Until it is time for the dock leg to hold its share of the load, it floats in the air, depending from the beam and remains plumb. This allows the boat to shift naturally in the slip and applies no stress to the beam-leg joint. The plans for this operation are 45 minutes from the time the engine is at maximum height until the engine is safely in its cradle on the dock. <retrospective chuckles>

The Execution

We built the gantry at our workshop using measurements and modeling taken from the boat. This was a huge proof-of-concept of our ability to take to the shop some accurate measurements and a little AutoCAD, build something remotely, and have it assemble on-site as expected. We will cover our modeling tools and process in much greater detail in a later post and when I have refined it into something that can be explained vaguely comprehensibly.

Here's a video of the assembly process.

The A-frame and leg were positioned on deck, temporarily secured with paracord, and we used the topping lift to hoist the beam into place. Emily operated the winch and I only had to provide small inputs to slot home the beam. I got the easy job. Later, we secured the frame and leg using 3000 pound capacity ratchet straps.

None of us is as smart as all of us.

The assembled gantry was the first time any of our four mechanical engineering neighbors got to see the implementation. Three of them are from Colorado School of Mines and all of the engineers' career credentials are seriously impressive. If they said I needed to swallow some rusty spikes to make this work, I would do it. Upon their review, they suggested we add additional knee material on the boat leg. Specifically, make the knee as large as possible using plywood rather than dimensional lumber. Why plywood? It would allow the beam to yaw without damaging the attachment points, but provide rigidity and stability exactly in the axis we need. We absolutely implemented their suggestions.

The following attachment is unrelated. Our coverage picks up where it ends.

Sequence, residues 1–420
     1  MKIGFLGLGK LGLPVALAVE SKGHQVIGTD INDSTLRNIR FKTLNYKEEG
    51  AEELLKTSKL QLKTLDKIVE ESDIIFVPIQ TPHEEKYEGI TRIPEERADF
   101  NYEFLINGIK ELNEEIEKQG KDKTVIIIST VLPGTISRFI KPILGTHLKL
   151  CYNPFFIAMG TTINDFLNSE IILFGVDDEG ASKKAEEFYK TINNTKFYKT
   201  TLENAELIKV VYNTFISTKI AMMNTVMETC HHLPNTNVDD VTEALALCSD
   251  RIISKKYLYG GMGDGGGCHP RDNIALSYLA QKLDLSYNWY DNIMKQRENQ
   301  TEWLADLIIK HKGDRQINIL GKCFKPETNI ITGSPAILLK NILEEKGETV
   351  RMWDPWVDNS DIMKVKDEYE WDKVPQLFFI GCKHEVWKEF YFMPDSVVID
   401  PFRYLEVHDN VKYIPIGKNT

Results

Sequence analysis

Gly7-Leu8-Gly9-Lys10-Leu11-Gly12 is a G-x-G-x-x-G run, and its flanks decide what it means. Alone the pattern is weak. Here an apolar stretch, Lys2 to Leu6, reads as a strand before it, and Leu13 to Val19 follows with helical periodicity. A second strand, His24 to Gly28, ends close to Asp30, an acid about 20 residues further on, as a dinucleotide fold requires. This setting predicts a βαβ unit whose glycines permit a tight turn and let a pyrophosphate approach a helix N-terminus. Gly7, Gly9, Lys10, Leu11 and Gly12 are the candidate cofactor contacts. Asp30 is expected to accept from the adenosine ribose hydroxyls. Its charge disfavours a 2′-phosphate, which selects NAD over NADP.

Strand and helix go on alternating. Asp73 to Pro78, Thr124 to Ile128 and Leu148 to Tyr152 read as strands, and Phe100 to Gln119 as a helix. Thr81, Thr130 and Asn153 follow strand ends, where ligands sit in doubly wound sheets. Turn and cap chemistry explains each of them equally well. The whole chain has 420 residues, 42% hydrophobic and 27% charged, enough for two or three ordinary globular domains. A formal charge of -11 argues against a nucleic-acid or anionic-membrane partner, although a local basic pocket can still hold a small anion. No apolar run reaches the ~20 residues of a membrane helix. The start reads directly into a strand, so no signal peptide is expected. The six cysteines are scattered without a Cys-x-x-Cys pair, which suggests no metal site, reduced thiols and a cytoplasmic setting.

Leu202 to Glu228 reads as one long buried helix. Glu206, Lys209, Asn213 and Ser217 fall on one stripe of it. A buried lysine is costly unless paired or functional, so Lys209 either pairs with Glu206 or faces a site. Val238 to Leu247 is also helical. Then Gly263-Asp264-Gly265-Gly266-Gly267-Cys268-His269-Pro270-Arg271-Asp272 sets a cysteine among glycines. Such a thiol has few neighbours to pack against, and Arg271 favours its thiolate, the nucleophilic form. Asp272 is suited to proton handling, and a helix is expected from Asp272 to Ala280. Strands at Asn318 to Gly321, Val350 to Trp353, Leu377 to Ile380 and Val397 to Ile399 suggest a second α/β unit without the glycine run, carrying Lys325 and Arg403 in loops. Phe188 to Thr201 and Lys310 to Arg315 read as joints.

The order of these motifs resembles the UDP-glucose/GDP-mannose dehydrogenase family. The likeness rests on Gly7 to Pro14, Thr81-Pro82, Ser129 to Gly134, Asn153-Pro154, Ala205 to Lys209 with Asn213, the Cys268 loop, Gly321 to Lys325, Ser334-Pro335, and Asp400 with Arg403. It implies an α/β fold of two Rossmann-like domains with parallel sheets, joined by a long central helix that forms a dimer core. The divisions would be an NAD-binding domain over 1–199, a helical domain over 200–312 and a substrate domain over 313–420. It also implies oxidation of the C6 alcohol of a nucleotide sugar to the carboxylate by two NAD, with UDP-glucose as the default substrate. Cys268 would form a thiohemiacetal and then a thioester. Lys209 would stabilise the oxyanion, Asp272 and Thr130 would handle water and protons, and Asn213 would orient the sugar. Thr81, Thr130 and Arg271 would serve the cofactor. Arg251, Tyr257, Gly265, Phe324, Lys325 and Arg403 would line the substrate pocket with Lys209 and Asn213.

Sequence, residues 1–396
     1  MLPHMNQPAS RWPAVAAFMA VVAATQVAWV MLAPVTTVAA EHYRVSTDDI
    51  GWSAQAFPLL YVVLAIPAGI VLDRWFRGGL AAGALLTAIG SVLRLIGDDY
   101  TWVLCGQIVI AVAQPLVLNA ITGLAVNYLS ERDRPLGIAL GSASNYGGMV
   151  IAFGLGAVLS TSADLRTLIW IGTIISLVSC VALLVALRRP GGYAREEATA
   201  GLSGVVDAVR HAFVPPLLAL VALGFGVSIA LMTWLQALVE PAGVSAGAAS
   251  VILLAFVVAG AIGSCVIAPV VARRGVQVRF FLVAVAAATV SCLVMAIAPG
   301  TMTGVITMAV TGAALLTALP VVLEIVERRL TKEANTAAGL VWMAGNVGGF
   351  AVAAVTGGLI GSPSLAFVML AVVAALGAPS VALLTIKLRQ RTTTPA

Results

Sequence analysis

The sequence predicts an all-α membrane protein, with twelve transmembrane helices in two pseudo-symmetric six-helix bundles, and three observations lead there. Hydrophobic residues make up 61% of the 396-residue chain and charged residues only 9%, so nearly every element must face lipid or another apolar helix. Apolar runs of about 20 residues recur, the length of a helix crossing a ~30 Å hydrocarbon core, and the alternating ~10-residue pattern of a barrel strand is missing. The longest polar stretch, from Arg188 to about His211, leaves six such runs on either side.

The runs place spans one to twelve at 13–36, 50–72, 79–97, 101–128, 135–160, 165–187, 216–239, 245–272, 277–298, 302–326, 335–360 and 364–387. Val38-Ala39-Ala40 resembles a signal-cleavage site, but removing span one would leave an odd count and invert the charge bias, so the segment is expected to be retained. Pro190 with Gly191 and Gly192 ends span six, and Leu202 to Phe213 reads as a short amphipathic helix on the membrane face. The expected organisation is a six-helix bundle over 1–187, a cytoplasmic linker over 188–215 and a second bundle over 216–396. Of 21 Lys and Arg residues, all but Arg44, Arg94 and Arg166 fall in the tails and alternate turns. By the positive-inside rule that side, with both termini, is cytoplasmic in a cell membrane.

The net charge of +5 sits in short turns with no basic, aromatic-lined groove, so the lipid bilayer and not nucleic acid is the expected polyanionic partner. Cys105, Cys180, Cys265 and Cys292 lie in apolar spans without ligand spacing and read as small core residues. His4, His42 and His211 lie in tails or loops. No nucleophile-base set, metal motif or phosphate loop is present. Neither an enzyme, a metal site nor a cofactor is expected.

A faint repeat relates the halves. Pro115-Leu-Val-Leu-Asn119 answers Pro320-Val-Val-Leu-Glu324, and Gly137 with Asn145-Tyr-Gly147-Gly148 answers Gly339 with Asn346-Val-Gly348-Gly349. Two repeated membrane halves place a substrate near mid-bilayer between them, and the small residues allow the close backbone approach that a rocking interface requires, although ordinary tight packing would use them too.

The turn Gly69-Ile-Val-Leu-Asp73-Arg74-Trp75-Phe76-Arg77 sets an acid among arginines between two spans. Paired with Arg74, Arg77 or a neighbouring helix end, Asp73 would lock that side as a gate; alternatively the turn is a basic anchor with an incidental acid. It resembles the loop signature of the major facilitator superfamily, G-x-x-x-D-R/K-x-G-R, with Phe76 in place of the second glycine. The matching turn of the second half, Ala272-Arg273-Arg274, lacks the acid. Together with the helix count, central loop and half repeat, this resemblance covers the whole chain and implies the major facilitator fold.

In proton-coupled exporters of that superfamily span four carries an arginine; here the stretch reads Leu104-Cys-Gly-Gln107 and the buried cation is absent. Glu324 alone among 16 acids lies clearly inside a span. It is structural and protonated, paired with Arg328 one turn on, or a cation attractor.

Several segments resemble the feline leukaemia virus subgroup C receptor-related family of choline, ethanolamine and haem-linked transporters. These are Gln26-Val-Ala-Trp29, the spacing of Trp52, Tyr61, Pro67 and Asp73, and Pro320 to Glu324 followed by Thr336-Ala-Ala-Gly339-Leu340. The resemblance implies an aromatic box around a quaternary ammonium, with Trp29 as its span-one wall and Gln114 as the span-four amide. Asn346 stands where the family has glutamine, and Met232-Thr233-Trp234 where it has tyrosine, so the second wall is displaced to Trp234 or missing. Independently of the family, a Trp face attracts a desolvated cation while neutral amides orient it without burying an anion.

The first test of the gantry was to lift the binnacle out of the cockpit. This is an awkward component and weighs around 100 pounds. Fortunately, it has a convenient lifting point. This went well and we were buoyed by that early success.
We have liftoff!

Onto removing the cockpit sole! This thing is robust (read: "heavy"). Also, the sole was repeatedly caulked/glued/sealed without removing the old sealant. The sealant did nothing to prevent rain from pouring into the engine compartment, but made for resistance in removing the sole. There is nothing on top of the sole that equates to a lifting point. Even though we will be refinishing the sole, I would like to avoid additional holes. Fortunately, there is a large hole already in the sole through which the helm controls pass.

Does anyone remember the old Craftsman commercial where they used a wrench as a tow bar for a stuck vehicle? I always wanted to try this. Enter our friend, Big Wrench.
Big Wrench to our rescue.There is something oddly satisfying about using tools incorrectly with great success.

Using the chainfall, we applied slow lifting force to the cockpit sole and it eventually popped free. Round 2 win!
Cockpit sole is free. Look at all that nasty sealant piled on over the years.

Let's try for a Round 3 consecutive victory, and something heavier. This is a 3kW diesel generator that ran when I sea-trialed the boat. And then I never used it again. I was unable to reach all of the mounts for the generator so they would just need to be ripped free. No loss there; they were rotted anyway.
Up, up and away!


This post is getting unwieldy and starting to cause Javascript errors in the Blogger interface, so I will cut this off here. I promise: the main event will follow very soon.